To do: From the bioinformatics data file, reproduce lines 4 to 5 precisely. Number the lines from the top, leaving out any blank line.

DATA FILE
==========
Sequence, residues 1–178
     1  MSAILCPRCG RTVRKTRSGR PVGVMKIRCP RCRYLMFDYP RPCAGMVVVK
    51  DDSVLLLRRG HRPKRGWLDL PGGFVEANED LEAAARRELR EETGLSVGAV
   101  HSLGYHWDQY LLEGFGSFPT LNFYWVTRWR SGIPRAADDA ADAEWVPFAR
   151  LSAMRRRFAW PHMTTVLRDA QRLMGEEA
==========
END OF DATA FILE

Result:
   101  HSLGYHWDQY LLEGFGSFPT LNFYWVTRWR SGIPRAADDA ADAEWVPFAR
   151  LSAMRRRFAW PHMTTVLRDA QRLMGEEA